Falling trees can ruin edible ornaments, hurt your cat, and damage the tree itself. The unique approach to keep everything intact and everyone safe is to keep it solid, upright and clear of any harm. 

Artificial Christmas Trees

Getting an artificial christmas tree is a better fit for you if all you want is the christmas sensation hovering around your house. Artificial trees do not need lots of attention like real trees. They cannot dry, change color, or die due to the weather or other circumstances. They come as green as Christmas itself.

Artificial trees are a good fit for cats as the trees don’t need water stored in their roots for them to grow, as stored water may breed germs that may affect your cat’s health. They don’t need trimming or pruning; they’re just there to simply beautify your home and give it the christmas aesthetic appeal.

FAQs on How to Keep Cats Away From Christmas Trees

Can Christmas Trees Poison Cats?

Fluids, nectar, tree water and oils from ordinary Christmas trees can be harmful to cats and put them at risk of poisoning, while their pine needles can cause digestive problems. However, your cat is unlikely to consume enough trees to become infected.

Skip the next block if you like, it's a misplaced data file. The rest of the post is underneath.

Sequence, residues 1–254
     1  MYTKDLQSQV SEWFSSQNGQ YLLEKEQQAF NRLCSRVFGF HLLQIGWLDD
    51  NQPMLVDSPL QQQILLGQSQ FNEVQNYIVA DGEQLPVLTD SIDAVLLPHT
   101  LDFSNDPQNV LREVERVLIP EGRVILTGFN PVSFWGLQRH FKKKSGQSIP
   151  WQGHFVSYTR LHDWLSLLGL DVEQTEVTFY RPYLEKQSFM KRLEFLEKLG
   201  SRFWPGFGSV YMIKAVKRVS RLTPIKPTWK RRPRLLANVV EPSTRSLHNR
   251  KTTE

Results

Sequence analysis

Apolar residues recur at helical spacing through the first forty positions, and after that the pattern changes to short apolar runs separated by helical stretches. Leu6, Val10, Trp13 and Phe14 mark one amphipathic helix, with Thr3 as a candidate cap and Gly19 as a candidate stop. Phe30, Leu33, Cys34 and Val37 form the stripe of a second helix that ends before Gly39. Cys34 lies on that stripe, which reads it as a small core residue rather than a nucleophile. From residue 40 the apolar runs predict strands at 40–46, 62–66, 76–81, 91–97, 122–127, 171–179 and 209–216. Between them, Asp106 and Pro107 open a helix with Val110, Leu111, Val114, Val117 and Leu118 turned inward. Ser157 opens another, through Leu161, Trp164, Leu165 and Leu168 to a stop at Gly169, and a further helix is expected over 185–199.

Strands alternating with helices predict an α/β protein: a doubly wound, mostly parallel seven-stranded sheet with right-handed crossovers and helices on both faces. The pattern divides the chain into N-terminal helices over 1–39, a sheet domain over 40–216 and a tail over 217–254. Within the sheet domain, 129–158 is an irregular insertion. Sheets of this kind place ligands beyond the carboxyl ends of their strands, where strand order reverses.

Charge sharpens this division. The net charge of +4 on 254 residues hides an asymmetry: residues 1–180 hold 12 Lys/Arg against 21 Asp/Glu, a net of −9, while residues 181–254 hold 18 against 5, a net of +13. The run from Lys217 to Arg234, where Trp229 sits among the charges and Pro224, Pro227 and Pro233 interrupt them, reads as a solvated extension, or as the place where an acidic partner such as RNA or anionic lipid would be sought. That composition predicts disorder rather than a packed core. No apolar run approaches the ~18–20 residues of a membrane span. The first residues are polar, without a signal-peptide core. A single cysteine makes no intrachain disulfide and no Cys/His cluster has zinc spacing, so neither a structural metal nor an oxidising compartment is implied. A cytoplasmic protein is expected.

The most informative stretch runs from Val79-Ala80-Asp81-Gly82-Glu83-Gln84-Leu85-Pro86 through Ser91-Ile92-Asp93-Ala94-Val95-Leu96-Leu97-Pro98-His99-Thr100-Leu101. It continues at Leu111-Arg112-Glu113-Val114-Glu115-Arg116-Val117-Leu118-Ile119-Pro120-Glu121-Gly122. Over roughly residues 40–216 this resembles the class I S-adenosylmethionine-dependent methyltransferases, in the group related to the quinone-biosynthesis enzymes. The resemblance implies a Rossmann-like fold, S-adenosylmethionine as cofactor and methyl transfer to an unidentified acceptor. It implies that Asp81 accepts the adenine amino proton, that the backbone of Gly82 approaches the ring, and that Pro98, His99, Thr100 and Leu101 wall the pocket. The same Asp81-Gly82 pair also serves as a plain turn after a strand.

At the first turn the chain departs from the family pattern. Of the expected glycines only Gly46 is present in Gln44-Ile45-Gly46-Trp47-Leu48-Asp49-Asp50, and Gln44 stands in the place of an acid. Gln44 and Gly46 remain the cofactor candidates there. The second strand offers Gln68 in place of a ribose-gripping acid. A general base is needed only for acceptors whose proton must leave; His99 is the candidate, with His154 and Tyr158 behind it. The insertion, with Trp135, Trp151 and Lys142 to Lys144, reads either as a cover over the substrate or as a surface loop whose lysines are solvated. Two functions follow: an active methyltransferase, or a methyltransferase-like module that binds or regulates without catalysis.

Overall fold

Do Cats Like Christmas Trees?

Yes, cats love to climb Christmas trees. All of the animals that belong to the cat family are natural climbers.

Are Artificial Christmas Trees Good for Cats?

Yes, they are. An artificial Christmas tree is a fake tree, which is safer for cats than real ones.

How do I stop my cat from messing with my Christmas tree?

Family, friends, and presents make Christmas. However, keeping cats away from the Christmas tree might be difficult. Here are some cat-proofing tips:

Christmas trees have sharp needles that can hurt your cat if they climb them. Cover the tree base with fabric or plastic to protect your cat. 

What scent keeps cats off the Christmas tree?

One way to keep cats off your Christmas tree is to use a scent they don’t like. Some scents may work include citrus, lemon, eucalyptus, and lavender. You can try diffusing essential oils in these scents around your tree or spraying a diluted mixture on the tree itself.


Christmas is just around the corner and it’s time to start decorating. And for all you cat owners out there, don’t worry, you can totally have a Christmas tree and a happy kitty too.

Christmas is all about celebrating with loved ones, and that includes our furry friends. But, to make sure everyone stays safe and sound, it’s important to choose a spot for your tree that is out of reach for both little ones and cats. That way, the tree can add some festive cheer to your home without any danger.

In short, owning cats and having a Christmas tree in your home can coexist peacefully, as long as you take the necessary precautions to keep everyone safe. So, go ahead and deck the halls, and make sure to include your feline friends in the celebration!